Earlier this month, I was at the global reveal of the new US-spec version of the Volkswagen ID.Buzz, the reincarnated Type 2 VW Microbus. Generally, I like it, but I realize that the main reason I like it is irrational: it evokes the old air-cooled, rear-engined original bus. This vehicle works because of design. Underneath, it’s not much different than an ID.4 or any other VW MEB-platform EV. This is one of those vehicles where the styling is by far the most important aspect of it. I mean, practicality is too, but you get a lot of that for free when your design is essentially a big-ass box on wheels. I bring all of this up because I happened to see a picture of VW’s original VW Bus revival concept car from 2001 and was struck by how, well, little the design has changed over two decades to how it now appears as the ID.Buzz.
I mean, historically, there’s nobody betterat not changing a design than Volkswagen. In fact, they pretty much hold the world record for doing as little as possible to an automotive design, as seen in the Beetle, which stayed remarkably similar from when the original War of the Worlds radio hoax was first broadcast to when the War of the Worlds movie with Tom Cruise was made.
Okay, the Tom Cruise movie was 2005, but close enough.
But, we’re talking about the ID.Buzz and the 2001 Bus concept now, not Beetles. For whatever reason, VW really dragged their feet on making a new version of the Microbus, and since 2001 they’d actually had five concepts before finally landing on what would become the ID.Buzz.
After the 2001 concept, the other ones in the middle strayed in look and size and feel a great bit, mostly clinging closer to the current VW design trends of the time. But if we look at that 2001 version, especially next to the production ID.Buzz, I think it’s remarkable just how close the design came to the finished product.
I mean, it’s not exact, of course, but there are a hell of a lot of similarities there. The greenhouse, for example, with its blacked-out pillars and double A-pillar setup is essentially unchanged. The level of detail chosen, the amount of trim, a certain clean-lined design vocabulary, all these things were established in that 2001 concept and are retained in the ID.Buzz now.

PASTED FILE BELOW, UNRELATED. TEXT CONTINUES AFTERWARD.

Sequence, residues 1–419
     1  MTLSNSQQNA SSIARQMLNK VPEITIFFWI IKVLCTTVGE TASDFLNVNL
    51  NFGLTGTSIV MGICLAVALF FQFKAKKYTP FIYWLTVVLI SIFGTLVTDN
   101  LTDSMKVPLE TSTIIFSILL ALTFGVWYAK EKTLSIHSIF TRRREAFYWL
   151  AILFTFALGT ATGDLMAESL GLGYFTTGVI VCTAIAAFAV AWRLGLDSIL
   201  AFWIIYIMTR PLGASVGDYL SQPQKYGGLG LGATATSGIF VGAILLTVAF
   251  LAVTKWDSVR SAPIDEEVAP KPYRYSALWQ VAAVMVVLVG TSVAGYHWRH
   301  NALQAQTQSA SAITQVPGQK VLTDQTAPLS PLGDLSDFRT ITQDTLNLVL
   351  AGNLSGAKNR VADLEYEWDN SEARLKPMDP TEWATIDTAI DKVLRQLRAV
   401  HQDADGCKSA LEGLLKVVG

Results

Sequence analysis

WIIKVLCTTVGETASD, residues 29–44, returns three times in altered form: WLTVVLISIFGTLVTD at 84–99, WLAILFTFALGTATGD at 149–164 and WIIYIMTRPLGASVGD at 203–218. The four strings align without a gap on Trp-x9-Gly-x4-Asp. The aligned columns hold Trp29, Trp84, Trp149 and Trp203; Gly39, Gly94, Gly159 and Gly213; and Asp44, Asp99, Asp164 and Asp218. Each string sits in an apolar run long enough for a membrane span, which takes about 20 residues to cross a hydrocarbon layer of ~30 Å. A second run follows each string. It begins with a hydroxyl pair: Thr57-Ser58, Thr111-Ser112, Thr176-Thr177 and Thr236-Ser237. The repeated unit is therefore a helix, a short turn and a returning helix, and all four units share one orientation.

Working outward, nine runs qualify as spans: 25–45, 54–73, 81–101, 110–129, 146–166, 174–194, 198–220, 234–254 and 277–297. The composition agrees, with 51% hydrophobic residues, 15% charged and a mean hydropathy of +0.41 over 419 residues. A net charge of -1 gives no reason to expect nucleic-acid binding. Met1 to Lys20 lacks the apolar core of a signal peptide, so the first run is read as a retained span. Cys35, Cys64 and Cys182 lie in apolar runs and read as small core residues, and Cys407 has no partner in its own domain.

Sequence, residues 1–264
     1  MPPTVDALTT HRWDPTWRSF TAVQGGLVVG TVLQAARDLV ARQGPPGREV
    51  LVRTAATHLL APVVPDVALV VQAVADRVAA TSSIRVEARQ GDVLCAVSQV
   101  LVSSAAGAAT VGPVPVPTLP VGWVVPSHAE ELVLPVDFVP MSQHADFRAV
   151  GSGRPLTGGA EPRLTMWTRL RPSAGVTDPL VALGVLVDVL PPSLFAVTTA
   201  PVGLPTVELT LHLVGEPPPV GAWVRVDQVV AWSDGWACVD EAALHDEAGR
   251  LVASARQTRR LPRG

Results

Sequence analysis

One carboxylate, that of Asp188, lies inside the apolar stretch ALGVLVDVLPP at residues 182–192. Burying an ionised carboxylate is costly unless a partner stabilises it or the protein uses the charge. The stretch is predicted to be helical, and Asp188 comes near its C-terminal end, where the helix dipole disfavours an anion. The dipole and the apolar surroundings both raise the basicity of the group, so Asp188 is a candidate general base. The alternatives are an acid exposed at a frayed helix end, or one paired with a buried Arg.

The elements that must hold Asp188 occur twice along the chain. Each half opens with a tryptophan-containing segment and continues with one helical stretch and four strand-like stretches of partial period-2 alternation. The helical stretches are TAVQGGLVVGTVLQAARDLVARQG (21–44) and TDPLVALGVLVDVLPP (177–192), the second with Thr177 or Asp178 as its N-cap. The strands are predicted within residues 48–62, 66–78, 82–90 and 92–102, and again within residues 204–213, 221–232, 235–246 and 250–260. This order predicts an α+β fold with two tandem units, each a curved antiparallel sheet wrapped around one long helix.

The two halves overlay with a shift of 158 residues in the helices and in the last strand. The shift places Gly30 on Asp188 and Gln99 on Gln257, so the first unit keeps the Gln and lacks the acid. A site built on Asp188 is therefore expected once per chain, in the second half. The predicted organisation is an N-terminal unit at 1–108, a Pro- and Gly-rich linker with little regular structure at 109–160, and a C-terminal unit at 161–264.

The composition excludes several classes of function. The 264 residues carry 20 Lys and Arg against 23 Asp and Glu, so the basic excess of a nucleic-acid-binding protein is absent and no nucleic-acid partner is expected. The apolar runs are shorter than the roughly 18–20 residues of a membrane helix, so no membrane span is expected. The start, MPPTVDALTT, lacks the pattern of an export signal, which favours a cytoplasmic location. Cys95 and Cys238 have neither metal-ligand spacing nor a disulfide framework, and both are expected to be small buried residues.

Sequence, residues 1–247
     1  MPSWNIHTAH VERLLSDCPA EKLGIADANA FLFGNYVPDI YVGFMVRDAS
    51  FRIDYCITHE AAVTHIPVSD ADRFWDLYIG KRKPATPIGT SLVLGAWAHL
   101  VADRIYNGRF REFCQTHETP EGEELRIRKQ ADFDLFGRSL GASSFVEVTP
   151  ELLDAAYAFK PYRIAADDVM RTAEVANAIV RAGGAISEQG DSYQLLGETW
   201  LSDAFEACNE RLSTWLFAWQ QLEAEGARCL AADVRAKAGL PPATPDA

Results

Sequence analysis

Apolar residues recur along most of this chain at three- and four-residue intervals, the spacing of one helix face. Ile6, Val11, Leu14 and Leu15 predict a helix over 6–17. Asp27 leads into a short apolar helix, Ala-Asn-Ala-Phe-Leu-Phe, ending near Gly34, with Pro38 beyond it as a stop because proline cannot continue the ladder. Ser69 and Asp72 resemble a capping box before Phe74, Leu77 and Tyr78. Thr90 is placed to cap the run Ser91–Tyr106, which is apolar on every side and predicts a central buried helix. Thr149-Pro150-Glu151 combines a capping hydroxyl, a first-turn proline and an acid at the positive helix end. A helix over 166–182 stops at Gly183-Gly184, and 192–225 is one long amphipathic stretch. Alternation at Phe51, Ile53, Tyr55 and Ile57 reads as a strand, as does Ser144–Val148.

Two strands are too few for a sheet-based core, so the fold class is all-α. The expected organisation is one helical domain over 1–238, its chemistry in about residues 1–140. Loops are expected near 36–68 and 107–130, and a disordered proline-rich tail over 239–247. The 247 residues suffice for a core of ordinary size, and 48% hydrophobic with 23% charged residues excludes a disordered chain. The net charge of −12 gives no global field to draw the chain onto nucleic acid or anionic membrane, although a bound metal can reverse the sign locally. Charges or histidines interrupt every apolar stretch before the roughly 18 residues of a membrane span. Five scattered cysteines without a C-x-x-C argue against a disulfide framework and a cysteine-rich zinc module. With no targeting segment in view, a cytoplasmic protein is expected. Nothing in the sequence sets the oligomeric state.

The horizontal lighting signatures front and rear, too. The re-working of that frontal V-shape on the earlier bus that delineated the upper color area from the lower was flattened out at the bottom and made into a sort of hood on the 2001 concept, and that approach is retained on the ID.Buzz.
There is also the retention of a stylized version of the old engine air intakes on the D/E pillar as a stylistic quote from the original; the alignment of the wraparound taillamps and the sliding door groove. The wheelbase and overhangs are remarkably similar. It’s kind of remarkable that the hood of the 2001 concept is as minimal as the ID.Buzz, especially because unlike the electric ID.Buzz with its floor-mounted battery pack and rear motor, the 2001 concept had a 3.2-liter V6 crammed into that minimal front end, the only evidence of which was the lower grille area and three small horizontal intakes that look kind of like the modern icon for a pull-down menu.
In some ways, I kind of wish an ICE or, better, a hybrid version of the ID.Buzz was going to be available; those huge batteries are a big driver in the (estimated) high cost of the ID.Buzz – likely starting at around $60- $65,000 – so I can’t help wondering if something in the $30- $40,000 range may have been possible with a combustion version.
I suspect I keep thinking about this 2001 concept, designed by Volkswagen’s Simi Valley, California design studio, because I think it may actually be just a bit better than the ID.Buzz that reality actually provided to us. I think I actually prefer the slightly more rounded look of the sides, which expand out, a bit inflated, and I like the more prominent wheelarches and slightly more athletic stance.
Somehow, I think with a few minor alterations to some lighting and other details, this could pass as a new Bus even today, in the year of our lard 2023. Even the interior still feels remarkably up-to-date:
There’s even the start of the proliferation of LCD screens. Sure, this one is a bit thicker than modern ones, but it did fold into a table, I think, and it looks like there’s an integrated Playstation, according to that splash screen. This really doesn’t feel 20something years old, at all. How did VW nail nail this so well back in 2001, and then took so long to gestate it into what we’ll be seeing on the roads soon?
Look, they even toyed with a pop-up camper version! That looks great, though I’m a bit confused why that camper has so many rows of seats.
How many other 20 year old concept car designs have held up so well? Granted, this is a retro-inspired design, so that’s a factor, but I’m still struck by it. And, maybe a bit baffled still by why it took so long. I suppose they needed a pretty big ass-kick to get moving on something like this.
I suppose the ID.Buzz is better late than never, but I also think they didn’t need to be late, since they already had the better.